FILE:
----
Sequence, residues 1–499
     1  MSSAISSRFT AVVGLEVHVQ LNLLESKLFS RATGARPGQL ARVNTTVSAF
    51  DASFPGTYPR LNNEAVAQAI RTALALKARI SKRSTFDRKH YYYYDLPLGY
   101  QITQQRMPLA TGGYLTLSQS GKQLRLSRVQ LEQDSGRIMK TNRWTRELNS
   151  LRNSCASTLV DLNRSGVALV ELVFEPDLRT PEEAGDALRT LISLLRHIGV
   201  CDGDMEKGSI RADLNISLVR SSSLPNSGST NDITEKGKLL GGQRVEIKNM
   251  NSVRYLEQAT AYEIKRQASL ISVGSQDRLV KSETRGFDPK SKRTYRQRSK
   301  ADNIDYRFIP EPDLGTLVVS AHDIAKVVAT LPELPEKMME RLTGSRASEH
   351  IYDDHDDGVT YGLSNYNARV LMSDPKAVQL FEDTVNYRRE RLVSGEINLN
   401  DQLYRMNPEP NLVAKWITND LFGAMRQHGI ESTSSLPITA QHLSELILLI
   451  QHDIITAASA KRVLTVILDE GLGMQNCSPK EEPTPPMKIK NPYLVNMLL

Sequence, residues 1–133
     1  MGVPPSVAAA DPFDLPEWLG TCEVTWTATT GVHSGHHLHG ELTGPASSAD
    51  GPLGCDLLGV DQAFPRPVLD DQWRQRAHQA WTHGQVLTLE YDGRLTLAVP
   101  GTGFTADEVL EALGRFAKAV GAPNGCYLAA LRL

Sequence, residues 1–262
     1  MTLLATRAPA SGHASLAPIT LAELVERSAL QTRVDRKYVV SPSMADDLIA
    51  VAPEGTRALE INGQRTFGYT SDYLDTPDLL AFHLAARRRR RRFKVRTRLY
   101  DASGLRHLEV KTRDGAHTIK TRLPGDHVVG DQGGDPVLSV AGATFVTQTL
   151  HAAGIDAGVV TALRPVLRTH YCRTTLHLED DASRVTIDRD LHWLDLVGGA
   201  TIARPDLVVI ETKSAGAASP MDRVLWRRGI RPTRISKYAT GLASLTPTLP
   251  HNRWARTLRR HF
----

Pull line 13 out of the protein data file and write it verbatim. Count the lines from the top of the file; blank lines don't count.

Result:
     1  MGVPPSVAAA DPFDLPEWLG TCEVTWTATT GVHSGHHLHG ELTGPASSAD